The organisation created a dedicated sustainability team to help develop this vision, including the execution of recycling chain and waste management audits. With LME aiming to eliminate landfill waste by December 2020, how has sustainability within the London Marathon improved this year?
London Marathon sustainability: 2019 clean-up sets new plastic recycling record
The London Marathon 2019 clean-up set a new record for plastic recycling, with more than 350,000 bottles collected within six hours by French waste, water and energy management company Veolia.
The company reported it had managed to clear-up operations for three of the six London boroughs that governed the running route, including the City of London, Westminster and Tower Hamlets. More than 40 vehicles and 120 Veolia staff worked to clean up the event on behalf of the three local authorities.
City of London Corporation Environmental Services Committee chair Jeremy Simons said: “The London Marathon is one of the most famous long-distance running events in the world. We’re proud to be recycling so many plastic bottles in the Square Mile, and this year we are rolling out 10 new water refill points, bringing the total to 17.
“The City is a world-class destination and we all have a responsibility to make sure that it is kept clean and safe for everyone to enjoy. Together, alongside London’s local authorities, we can all play our part in reducing the use of plastic – shaping the environmental legacy we want to leave behind.”
Veolia London regional director Pascal Hauret said: “The London Marathon is a fantastic, yet challenging event for our teams. Tight deadlines for road openings make it essential for our crews to clear the streets quickly, whilst maintaining the safety of nearby crowds.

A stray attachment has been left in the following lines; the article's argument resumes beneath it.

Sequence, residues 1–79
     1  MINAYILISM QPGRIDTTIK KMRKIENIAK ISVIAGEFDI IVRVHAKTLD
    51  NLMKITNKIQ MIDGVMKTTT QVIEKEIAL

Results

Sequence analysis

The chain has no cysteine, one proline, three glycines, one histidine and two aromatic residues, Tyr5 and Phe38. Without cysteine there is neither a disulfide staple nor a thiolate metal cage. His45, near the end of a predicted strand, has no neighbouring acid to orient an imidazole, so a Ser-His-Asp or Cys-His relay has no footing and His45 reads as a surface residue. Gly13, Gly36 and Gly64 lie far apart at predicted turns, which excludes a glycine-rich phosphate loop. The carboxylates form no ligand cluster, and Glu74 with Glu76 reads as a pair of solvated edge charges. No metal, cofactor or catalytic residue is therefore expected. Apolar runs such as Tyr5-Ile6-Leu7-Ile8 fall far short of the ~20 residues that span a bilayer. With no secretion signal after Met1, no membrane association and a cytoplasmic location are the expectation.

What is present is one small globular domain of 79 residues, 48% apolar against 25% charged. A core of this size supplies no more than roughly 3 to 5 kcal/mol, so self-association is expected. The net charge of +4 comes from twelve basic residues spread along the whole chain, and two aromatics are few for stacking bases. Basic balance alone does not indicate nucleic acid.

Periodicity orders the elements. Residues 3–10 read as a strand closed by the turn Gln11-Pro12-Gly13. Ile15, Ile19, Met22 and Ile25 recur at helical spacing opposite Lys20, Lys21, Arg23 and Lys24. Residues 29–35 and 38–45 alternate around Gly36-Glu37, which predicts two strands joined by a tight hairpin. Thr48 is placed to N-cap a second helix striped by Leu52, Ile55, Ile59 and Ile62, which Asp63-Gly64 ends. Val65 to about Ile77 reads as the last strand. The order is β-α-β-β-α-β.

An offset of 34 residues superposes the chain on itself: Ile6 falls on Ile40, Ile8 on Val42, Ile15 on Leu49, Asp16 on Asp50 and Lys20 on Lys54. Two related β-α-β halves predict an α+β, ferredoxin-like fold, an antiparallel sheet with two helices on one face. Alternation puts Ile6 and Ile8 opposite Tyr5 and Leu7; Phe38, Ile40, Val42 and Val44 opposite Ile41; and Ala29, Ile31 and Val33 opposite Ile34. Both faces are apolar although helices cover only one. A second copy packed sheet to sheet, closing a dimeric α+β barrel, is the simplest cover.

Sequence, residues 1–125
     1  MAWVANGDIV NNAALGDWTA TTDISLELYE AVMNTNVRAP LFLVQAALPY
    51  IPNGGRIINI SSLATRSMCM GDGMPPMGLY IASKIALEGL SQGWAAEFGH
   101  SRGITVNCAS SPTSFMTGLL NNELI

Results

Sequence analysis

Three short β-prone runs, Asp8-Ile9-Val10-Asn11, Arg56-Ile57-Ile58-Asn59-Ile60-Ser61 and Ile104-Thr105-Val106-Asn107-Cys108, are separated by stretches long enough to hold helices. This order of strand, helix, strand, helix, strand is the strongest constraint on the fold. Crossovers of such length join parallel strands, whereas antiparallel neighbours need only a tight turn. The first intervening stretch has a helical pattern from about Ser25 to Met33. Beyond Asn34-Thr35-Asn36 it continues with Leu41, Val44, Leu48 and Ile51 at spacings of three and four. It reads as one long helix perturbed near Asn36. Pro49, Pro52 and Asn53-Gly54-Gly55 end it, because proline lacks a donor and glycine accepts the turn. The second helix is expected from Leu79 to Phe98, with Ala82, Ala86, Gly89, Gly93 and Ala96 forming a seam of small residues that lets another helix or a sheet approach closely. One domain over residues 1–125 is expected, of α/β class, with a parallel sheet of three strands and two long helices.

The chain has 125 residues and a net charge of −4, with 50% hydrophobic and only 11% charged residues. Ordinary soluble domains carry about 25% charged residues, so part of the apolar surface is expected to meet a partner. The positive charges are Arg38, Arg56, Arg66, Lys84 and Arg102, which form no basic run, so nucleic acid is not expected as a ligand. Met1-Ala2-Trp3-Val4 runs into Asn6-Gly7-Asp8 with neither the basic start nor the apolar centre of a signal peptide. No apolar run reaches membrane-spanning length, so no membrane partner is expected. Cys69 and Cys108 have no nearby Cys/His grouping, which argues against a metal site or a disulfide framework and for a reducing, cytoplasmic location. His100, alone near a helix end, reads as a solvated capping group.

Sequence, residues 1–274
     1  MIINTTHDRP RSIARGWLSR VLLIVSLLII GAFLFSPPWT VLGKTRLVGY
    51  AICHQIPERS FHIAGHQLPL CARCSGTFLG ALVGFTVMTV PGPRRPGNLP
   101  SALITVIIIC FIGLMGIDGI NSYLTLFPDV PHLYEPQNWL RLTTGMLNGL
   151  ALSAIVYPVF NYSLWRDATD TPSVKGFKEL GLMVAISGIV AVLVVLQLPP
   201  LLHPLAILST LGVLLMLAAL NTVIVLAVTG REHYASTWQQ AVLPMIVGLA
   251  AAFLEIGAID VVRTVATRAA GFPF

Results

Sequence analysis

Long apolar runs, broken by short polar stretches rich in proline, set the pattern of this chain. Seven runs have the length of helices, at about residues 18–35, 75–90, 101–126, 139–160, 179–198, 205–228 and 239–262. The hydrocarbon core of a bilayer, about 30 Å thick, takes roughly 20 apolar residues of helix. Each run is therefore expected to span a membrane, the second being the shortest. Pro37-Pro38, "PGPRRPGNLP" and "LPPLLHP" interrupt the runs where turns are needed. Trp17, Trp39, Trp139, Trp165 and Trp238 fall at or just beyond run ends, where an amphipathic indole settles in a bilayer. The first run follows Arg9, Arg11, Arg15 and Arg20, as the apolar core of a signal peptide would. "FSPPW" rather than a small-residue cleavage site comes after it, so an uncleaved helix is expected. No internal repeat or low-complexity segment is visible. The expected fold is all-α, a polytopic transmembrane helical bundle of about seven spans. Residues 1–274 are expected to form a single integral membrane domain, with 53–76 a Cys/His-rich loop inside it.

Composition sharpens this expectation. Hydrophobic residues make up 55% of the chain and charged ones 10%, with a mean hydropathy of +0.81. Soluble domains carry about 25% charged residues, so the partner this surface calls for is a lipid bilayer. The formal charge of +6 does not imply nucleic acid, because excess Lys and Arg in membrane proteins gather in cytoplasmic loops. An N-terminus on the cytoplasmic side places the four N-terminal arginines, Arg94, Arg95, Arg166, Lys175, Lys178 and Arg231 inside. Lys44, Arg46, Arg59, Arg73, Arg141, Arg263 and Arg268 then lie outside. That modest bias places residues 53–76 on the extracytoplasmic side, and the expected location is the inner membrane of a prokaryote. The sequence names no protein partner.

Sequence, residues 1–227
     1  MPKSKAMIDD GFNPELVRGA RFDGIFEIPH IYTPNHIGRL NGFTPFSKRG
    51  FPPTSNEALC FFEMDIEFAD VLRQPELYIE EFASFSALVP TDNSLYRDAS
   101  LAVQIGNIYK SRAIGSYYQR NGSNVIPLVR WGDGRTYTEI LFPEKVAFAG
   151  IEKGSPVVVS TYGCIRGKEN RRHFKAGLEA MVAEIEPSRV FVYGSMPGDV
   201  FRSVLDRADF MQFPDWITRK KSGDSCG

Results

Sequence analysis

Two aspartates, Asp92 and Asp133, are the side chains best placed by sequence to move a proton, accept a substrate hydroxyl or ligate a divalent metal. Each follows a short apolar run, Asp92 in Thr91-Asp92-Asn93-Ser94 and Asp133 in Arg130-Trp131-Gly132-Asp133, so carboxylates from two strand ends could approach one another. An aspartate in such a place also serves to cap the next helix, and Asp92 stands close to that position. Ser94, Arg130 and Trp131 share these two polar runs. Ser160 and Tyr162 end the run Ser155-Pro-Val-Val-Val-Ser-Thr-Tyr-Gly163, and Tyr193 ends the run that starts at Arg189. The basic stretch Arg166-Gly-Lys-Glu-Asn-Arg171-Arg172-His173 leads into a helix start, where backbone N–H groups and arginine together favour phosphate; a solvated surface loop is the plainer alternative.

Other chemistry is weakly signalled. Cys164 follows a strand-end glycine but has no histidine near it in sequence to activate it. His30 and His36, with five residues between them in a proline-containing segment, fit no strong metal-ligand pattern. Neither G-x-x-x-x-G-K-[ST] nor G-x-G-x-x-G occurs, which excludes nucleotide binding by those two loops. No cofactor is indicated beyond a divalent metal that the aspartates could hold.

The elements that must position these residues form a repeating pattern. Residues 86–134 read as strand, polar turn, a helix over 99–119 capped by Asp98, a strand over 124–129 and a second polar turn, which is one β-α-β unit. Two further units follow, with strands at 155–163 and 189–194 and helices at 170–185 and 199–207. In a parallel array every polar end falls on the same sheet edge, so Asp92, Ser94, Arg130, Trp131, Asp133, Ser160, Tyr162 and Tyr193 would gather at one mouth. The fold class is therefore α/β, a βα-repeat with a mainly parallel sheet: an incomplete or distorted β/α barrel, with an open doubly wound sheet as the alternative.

“This year we’re delivering the largest portion of the clear up task, covering streets in the City of London, Westminster and Tower Hamlets. Our widespread presence will allow for greater efficiency between areas and also ensures more of the event’s plastic bottles are collected for recycling.
“This is important to us as the UK’s current figures show that over 40% of plastic bottles don’t make it to recycling centres. We’re pleased to be part of making the Marathon as sustainable as possible.”
Drinks retailers championing sustainability in sports
Veolia has set out aims to develop new methods for collecting and recycling plastic, with a special focus on flexible packaging. The waste management company partnered with the world’s largest food and drink company Nestlé to tackle plastic waste collection, sorting and recycling across 11 priority countries. The company’s, Nestlé Waters North America (NWNA) division also announced, last December, it will use 25% of recycled content for its plastic packaging by 2021, including within its Nestlé Pure Life water.
Most recently, in sports, biodegradable, Lucozade Sport-filled Ooho capsules were distributed to runners at this year’s Marathon, following its trial at the Richmond Marathon in September last year. The capsules were developed by Skipping Rocks Lab, in partnership with soft drinks company Lucozade Ribena Suntory , in a bid to cut down on the use of plastic bottles in sports.